The Ferrari Sigma, also known as the Ferrari Sigma Grand Prix, was a Formula One show car built in 1969 by Pininfarina.


The Sigma, presented on 13 March 1969 in Geneva, was a prototype, which was never intended to compete in any Formula One races.[2] The main inspiration for creating the car was the fact that many Formula One drivers died in accidents because of low safety standards.[3] The Sigma was built in 1969 in cooperation by Pininfarina and Revue Automobile with the support of Enzo Ferrari, Fiat and Mercedes.[3][4] The name of the car ("Sigma") was chosen because several years before Pininfarina had built a car with that name.[3]

The car was designed by Paolo Martin.[2] It was based on the Ferrari 312 and weighed 590 kilograms (1,300 lb).[4][5] It was equipped with a 3.0 litre V12 engine with 436 horsepower (325 kW).[1] This car was to be a "future car", showing mainly new safety standards. There were many innovations in it, such as a driver survival cell, multi-layer fuel tanks, a fire extinguisher system, plastic fuel-tanks, a safety-belt-system and sidepods protruding behind the rear wheels to prevent interlocking wheels.[3][5]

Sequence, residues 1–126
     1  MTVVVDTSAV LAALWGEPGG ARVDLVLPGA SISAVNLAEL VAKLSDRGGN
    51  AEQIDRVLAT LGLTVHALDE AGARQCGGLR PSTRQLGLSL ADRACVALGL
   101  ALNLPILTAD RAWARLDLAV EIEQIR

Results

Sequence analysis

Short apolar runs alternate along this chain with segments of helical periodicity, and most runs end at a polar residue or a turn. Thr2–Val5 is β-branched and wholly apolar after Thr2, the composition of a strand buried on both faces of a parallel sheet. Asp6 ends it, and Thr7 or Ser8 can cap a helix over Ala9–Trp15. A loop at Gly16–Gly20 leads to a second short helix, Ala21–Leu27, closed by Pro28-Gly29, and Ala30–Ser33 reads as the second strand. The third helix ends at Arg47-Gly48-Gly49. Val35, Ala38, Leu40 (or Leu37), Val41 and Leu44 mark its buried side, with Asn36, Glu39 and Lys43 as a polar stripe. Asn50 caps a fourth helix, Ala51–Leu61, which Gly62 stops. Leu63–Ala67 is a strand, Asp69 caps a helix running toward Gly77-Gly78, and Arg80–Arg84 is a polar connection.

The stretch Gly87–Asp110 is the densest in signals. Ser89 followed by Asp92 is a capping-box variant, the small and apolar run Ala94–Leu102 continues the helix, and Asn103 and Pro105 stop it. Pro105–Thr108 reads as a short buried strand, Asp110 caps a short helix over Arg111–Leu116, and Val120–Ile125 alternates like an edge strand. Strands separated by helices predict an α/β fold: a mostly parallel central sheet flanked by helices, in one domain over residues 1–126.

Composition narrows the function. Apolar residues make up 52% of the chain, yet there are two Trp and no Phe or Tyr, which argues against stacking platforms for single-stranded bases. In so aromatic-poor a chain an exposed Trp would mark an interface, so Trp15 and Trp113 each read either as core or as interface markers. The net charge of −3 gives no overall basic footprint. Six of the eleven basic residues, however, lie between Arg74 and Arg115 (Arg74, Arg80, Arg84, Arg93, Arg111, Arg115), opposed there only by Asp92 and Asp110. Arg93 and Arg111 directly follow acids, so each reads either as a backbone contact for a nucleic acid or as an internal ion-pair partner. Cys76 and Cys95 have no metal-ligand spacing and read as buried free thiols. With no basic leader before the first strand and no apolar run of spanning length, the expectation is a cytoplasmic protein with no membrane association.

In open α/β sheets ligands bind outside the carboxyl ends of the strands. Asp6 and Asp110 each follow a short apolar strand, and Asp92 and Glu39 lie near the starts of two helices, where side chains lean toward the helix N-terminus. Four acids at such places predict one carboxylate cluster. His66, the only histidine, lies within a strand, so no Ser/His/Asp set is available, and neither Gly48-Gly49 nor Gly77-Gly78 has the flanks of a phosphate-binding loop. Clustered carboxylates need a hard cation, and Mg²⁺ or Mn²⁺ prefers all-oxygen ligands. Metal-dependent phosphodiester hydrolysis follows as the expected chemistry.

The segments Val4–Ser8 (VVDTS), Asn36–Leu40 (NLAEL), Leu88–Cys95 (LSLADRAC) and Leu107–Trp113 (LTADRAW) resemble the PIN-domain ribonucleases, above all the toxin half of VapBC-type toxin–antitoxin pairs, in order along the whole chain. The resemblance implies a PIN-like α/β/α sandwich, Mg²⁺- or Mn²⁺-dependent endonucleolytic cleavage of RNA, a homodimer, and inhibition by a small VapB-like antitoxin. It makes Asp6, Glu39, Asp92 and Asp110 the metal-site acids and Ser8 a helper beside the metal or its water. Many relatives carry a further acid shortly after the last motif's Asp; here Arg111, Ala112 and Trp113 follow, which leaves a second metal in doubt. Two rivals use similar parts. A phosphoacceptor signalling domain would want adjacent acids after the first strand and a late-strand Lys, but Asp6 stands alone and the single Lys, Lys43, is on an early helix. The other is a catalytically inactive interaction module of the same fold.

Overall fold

The original car is owned by Pininfarina.[3]


  1. ^ a b "1969 FERRARI sigma". Archived from the original on 23 March 2012. Retrieved 5 May 2011.
  2. ^ a b "1968 PININFARINA SIGMA GP". Archived from the original on 26 July 2011. Retrieved 5 May 2011.
  3. ^ a b c d e "Pininfarina Sigma 1969 Formula I Safety Concept designed by Paolo Martin". Retrieved 5 May 2011.
  4. ^ a b "FERRARI SIGMA GRAND PRIX". Archived from the original on 26 July 2011. Retrieved 5 May 2011.
  5. ^ a b Diepraam, Mattijs; Uechtel; Reyna, Rafael; Breevoort, Leo; Heymans, Jasper. "Grand Prix cars that never raced (work in progress)". Retrieved 5 May 2011.